Estimates are that, in 2020, around 29.6% of students in upper secondary VET were enrolled in combined work-and school-based programmes, where the work-based component is above 25% and below 90%. Many countries saw small increases in opportunities for work-based learning. Estimations of participation rates in work-based learning in initial VET vary and work is underway to improve the data. The Joint UNESCO, OECD, Eurostat (UOE) data collection on formal education systems indicates that around 30% of upper secondary VET students were enrolled in combined work- and school-based programmes in 2020. Preliminary findings of a Cedefop pilot study (see The role of work-based learning in VET and tertiary education, Cedefop 2021) which uses different definitions of work-based learning, indicate that over 60% of young recent VET graduates have had some work-based learning as part of their programme. This was confirmed by regular data from the Labour Force Survey (LFS), which is now available annually.

Raising participation in adult education and training has been a key objective of European VET policy since 2002. In that year, the EU set a benchmark target of 12.5% of adults aged 25 to 64 participating in education by 2010 but did not reach it. This target was revised to a participation rate of 15% by 2020, but again, overall, the EU fell short, although several Member States met or exceeded the target (Figure 1).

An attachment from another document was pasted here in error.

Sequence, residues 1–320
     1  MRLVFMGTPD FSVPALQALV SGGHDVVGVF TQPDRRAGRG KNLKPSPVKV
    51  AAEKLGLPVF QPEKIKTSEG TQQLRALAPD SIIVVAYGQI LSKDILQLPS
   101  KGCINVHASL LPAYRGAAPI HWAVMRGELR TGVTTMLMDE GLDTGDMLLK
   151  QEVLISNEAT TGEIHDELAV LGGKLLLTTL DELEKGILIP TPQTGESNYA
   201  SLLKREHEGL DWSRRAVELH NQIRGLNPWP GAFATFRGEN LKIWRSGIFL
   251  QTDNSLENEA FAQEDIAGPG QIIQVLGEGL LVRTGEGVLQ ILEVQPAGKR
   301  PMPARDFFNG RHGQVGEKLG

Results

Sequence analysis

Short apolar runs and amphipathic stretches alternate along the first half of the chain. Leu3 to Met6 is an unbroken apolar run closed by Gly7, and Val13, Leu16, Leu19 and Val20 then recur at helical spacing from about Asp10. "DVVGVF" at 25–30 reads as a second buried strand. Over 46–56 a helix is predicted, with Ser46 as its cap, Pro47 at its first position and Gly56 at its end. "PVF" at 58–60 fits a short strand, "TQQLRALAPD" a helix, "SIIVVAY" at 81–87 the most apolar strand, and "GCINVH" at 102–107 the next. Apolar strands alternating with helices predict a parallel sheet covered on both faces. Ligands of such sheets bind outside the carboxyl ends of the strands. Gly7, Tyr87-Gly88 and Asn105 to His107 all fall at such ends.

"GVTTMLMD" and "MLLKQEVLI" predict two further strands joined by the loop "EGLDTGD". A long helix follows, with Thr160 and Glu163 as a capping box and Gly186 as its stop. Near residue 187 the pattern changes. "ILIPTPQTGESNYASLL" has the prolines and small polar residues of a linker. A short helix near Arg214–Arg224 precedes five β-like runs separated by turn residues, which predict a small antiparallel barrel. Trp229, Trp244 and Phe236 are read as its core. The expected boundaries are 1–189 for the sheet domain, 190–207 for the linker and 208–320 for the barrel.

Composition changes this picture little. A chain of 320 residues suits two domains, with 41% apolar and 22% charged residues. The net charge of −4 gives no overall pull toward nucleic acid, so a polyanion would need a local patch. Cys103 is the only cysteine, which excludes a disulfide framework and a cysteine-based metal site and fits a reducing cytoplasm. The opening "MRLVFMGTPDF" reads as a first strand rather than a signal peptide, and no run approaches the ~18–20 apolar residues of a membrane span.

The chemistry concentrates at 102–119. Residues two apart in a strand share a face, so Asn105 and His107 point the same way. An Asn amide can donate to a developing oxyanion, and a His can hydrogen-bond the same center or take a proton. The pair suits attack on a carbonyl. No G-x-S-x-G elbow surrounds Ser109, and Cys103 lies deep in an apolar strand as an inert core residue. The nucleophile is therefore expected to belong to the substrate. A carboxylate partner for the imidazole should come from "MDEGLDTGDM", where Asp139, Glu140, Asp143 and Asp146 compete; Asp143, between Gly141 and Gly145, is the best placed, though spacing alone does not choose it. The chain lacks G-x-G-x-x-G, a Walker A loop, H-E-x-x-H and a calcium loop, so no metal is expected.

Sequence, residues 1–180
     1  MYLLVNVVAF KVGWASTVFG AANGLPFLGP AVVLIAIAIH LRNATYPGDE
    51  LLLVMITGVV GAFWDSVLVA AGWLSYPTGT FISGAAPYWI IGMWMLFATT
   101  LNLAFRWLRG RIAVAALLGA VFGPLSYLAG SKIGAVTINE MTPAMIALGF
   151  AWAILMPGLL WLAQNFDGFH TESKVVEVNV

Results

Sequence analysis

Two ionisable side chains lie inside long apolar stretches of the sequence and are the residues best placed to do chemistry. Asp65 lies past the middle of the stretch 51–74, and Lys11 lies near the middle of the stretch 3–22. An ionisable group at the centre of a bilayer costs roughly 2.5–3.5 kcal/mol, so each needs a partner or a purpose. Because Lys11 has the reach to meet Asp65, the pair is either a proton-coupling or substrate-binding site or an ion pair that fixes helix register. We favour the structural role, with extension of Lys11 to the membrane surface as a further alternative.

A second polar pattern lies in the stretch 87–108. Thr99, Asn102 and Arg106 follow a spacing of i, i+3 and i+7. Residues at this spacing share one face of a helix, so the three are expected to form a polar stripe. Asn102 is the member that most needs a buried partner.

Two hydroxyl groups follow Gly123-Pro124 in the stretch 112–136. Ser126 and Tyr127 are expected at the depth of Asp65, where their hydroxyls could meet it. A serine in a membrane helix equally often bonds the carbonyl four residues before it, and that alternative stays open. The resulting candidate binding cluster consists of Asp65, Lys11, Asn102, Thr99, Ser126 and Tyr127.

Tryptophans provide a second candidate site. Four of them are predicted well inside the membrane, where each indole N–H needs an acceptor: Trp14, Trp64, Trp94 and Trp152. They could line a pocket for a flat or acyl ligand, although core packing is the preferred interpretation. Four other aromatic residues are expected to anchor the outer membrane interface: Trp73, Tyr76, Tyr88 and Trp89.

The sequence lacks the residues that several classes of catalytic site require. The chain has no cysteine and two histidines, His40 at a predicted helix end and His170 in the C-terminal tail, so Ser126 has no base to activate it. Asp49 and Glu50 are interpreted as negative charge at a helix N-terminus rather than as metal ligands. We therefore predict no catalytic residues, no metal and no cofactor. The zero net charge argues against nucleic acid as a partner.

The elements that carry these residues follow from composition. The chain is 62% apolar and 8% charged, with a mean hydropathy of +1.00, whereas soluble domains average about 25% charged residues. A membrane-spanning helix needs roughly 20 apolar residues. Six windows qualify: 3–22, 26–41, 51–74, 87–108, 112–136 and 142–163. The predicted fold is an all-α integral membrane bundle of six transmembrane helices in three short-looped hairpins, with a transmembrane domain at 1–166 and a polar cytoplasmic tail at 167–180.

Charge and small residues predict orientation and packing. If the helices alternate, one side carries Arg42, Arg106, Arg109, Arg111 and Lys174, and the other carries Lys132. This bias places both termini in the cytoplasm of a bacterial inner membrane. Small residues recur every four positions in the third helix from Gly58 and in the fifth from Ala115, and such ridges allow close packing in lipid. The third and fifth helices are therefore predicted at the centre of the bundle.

Figure 1. Unemployed adults’ participation in education and training: last 4 weeks (%)

Figure 1

Source: Eurostat, EU Labour Force Survey (LFS).

Although the Covid-19 pandemic may have lowered participation in lifelong learning in 2020, it does not seem to have prevented the EU from meeting its target. The high point of participation of adults in lifelong learning was 10.8% in 2019, well below the benchmark target, before falling back to 9.2% in 2020.

Participation rates of older (aged 50-64) and of low-educated adults in lifelong learning are well below the average of 9.2% for adults. Worryingly, older adult participation fell from 6.2% in 2015 to 2.6% in 2020, while participation of low-educated adults fell slightly from 4% in 2015, to 3.4% in 2020.